Watching the Six Nations rugby union games on TV is one of my favourite pastimes at this time of year.
The anticipation of the new Formula 1 season has me scouring the schedules to ensure I don’t miss a race.
When the England football team are playing, I settle down in my beloved chair with a full kettle at the ready in the kitchen in preparation for half time. That’s it.
That’s as close as I ever get or have a need to get to anything remotely “sporty”.
On closer reflection the reasons are threefold.
Firstly, once I’d left school in 1971 I was delirious with delight at never again having to compete with those far more capable than I.
Secondly, there has never been a time in my life when I’d ever considered spending money on any sport-related kit, tickets, clothing, equipment or related paraphernalia, purely because it would have been akin to throwing £50 notes down the drain.
Lastly, I simply don’t have, and have never had, sufficient time to go cycling, swimming, golfing, fishing, running, jumping or shouting at the top of my voice along with 20-odd others on a playing field of any kind.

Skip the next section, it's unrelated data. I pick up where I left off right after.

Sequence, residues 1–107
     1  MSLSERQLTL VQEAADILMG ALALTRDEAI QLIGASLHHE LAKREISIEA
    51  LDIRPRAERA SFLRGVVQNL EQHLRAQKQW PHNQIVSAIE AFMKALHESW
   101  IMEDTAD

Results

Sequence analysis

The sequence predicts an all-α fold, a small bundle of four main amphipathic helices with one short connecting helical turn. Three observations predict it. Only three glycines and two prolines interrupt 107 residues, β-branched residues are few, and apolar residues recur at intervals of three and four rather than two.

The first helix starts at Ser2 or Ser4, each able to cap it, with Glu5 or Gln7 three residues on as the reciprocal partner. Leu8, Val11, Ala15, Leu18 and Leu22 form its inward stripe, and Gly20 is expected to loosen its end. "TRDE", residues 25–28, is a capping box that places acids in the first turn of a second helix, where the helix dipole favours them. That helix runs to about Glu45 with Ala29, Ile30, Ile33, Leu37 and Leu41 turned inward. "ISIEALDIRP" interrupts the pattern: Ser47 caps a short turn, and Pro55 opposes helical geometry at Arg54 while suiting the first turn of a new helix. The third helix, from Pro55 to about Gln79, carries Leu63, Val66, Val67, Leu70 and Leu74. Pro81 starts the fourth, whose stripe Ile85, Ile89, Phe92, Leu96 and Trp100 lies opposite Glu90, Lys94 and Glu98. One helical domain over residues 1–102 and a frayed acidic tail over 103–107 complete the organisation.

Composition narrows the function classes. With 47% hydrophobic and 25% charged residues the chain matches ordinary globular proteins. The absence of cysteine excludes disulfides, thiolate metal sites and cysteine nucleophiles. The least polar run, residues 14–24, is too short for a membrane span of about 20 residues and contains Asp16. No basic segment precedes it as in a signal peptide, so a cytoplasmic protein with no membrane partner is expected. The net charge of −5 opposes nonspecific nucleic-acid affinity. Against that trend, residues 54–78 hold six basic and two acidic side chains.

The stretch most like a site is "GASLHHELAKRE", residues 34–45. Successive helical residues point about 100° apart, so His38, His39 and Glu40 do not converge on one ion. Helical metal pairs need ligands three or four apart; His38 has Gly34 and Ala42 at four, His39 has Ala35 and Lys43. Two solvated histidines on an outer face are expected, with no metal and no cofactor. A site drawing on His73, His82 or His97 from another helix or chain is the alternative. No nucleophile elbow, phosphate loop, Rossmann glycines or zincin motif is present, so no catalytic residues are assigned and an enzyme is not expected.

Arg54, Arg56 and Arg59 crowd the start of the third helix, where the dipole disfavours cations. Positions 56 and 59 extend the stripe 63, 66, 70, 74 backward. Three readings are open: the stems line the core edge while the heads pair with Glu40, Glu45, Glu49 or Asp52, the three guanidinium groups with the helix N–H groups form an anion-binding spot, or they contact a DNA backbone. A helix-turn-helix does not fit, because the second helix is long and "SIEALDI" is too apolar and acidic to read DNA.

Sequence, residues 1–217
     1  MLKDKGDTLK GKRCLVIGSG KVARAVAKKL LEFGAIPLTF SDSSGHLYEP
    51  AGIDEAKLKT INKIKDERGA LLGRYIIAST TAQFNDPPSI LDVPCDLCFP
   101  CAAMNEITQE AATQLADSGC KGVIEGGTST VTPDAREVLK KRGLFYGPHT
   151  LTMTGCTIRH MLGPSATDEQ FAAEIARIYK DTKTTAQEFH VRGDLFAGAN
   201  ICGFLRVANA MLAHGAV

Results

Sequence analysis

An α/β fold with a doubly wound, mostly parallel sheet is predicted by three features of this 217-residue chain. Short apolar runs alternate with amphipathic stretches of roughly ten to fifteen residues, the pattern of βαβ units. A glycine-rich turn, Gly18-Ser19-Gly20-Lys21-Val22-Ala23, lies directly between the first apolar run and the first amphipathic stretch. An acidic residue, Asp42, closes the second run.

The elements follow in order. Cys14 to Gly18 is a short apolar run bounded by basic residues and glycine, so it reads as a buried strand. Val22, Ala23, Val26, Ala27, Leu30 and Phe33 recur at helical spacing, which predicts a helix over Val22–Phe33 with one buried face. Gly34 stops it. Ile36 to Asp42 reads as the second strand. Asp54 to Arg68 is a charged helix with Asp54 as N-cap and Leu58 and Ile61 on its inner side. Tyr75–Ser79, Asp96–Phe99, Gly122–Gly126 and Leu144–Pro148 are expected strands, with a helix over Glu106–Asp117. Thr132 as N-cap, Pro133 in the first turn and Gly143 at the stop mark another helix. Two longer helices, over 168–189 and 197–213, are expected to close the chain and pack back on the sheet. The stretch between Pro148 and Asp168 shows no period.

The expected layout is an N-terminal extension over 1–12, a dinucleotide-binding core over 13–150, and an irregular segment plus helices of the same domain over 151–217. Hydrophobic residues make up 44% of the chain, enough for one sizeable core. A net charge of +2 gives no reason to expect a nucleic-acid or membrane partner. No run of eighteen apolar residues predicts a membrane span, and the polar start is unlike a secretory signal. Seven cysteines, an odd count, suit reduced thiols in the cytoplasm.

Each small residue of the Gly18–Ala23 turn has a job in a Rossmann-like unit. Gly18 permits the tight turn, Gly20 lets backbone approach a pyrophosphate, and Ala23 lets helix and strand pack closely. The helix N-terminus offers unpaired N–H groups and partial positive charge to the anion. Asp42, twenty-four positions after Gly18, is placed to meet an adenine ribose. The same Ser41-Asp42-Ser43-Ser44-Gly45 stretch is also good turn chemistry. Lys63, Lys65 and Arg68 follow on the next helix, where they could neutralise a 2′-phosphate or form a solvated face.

And I have a sneaking suspicion that I’m not alone.
I go to work, and then I come home. That’s when my exercise regime kicks in with a vengeance.
I like to think of it as my alternative sporting life but without the need to don spandex, shooting off to go running down narrow country lanes with a stereo strapped to my head or joining the ranks in a gym.
There’s the cooking, cleaning, vacuuming, washing, ironing, scrubbing dishes, shopping, decorating, DIY and gardening.
I’m not criticising those who choose the sporting life as a form of recreational exercise, it’s simply that I have a need to see results other than the healthy body beautiful from any physical exertion.